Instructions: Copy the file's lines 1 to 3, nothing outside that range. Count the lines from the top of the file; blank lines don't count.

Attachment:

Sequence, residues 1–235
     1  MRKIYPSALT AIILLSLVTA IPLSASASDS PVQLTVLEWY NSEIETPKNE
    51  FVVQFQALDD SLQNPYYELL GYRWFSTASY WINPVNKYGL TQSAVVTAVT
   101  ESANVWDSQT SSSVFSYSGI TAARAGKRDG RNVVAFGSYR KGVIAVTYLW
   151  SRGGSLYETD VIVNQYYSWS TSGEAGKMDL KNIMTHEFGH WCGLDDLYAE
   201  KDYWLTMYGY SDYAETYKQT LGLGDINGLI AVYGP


Sequence, residues 1–235
     1  MRKIYPSALT AIILLSLVTA IPLSASASDS PVQLTVLEWY NSEIETPKNE
    51  FVVQFQALDD SLQNPYYELL GYRWFSTASY WINPVNKYGL TQSAVVTAVT